Rev. J M GATES
When the ‘race music‘ industry was getting into its stride in the mid-20s, a surprising number of records were not secular Blues or vaudeville songs, but religious recordings. While the ‘Blues Divas’ and country songsters provided the secular output, the sacred side was dominated by Gospel singers, ‘hell-fire preachers’ and ‘guitar evangelists’. Blind Willie Johnson and Blind Joe Taggart are the best known ‘evangelists’ of this period, although Blind Lemon Jefferson and Charley Patton both issued records of religious songs while hiding behind false names. However, the Rev. JM Gates was the undoubtedly the King of the ‘Straining Preachers’.
‘Mother Heart Breakers’ is pretty strong meat!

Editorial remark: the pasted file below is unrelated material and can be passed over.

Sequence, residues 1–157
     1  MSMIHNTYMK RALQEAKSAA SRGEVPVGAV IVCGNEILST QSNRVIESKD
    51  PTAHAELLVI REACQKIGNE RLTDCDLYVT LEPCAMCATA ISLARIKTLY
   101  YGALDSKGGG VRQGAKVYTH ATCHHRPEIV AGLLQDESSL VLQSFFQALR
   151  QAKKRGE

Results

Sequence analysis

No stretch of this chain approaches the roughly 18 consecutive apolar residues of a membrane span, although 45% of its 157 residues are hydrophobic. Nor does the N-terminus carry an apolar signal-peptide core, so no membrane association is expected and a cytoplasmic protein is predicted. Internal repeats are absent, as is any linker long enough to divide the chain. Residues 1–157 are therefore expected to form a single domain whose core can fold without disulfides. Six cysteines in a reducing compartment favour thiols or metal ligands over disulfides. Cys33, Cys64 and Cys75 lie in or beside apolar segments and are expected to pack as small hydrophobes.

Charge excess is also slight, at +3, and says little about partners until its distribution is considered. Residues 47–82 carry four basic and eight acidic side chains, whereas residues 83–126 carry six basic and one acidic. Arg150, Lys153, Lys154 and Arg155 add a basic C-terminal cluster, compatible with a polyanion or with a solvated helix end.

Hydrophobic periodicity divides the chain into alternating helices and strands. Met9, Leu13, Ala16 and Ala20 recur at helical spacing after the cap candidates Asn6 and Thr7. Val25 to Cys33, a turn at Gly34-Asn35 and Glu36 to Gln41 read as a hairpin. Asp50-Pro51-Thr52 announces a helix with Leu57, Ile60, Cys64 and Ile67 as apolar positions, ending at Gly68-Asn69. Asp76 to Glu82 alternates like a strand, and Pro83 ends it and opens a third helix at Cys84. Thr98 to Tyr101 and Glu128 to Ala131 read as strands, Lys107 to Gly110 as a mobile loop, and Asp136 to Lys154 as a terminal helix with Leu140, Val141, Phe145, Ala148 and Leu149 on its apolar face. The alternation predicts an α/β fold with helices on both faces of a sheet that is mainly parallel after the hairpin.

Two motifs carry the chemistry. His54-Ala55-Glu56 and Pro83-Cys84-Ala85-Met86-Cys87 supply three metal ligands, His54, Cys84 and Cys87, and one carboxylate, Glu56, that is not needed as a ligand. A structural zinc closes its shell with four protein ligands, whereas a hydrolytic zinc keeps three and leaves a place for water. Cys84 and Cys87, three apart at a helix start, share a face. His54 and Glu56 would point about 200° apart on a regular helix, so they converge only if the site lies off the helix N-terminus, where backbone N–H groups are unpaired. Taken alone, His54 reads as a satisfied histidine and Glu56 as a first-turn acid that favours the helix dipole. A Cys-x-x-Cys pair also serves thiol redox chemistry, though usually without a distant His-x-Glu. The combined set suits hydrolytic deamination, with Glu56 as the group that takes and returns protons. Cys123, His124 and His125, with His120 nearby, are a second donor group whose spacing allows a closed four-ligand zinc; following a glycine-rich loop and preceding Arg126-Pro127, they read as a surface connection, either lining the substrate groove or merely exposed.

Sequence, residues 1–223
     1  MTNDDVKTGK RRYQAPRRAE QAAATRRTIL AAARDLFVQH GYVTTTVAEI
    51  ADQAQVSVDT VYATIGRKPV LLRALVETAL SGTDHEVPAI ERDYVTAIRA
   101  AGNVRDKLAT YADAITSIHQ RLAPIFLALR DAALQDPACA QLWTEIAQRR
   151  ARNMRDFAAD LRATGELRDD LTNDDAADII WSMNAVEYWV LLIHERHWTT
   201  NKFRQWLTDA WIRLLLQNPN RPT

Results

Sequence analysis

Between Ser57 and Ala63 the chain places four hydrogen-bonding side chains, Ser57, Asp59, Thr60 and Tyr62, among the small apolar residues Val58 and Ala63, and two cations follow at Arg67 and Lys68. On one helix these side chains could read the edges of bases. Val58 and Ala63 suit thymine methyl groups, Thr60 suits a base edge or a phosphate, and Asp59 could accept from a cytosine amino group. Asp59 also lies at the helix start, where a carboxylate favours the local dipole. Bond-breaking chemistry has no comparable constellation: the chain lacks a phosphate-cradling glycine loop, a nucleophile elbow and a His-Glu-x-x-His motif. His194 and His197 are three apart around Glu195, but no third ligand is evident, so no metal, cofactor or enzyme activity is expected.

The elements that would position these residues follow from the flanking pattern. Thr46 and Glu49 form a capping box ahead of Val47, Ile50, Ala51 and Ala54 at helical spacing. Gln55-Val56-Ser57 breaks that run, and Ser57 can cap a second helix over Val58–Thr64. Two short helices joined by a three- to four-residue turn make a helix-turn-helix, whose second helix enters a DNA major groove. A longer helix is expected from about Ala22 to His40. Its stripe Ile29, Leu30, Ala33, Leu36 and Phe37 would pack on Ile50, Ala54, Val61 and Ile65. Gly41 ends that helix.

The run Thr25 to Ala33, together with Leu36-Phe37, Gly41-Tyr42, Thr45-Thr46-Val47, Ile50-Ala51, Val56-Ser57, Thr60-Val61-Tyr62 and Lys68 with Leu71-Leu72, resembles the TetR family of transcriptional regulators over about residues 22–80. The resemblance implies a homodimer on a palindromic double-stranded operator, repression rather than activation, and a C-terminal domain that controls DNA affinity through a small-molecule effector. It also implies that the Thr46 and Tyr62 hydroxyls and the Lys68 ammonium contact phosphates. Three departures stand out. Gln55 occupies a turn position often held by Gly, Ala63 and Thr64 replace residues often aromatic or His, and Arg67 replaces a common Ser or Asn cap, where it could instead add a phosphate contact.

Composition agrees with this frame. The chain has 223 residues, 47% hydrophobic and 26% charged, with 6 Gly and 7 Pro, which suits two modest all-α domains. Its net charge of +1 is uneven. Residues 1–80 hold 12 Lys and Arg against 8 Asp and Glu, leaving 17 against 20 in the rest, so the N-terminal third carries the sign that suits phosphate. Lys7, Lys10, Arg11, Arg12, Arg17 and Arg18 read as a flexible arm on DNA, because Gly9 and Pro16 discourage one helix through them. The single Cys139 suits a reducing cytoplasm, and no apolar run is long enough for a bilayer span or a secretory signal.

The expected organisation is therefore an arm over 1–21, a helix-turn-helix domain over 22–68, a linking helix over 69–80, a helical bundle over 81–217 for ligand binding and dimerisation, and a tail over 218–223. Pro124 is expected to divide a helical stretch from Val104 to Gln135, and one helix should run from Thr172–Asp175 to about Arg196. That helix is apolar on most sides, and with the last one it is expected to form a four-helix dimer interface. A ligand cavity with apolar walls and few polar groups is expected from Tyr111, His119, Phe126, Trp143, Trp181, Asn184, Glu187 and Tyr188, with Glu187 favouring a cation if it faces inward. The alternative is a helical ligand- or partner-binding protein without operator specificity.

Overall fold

By the end of 1926, the Rev. Gates began to take a more measured approach and for the next few years his output was only(!) about 20 tracks per year. In 1930, record sales ‘fell off a cliff’, and Rev. Gates did not go back into the studio for four years. He started recording again when record sales began to improve in the mid-30s, but Gospel Choirs and religious harmony groups were giving the public a more mellifluous and less scary sacred music. Rev. Gates’s last session in October 1941, just before the USA joined WWII, included the portentous ‘Hitler and Hell’. The Rev. Gates then retired back to his pulpit in Atlanta and he went to meet his maker just as the War was won.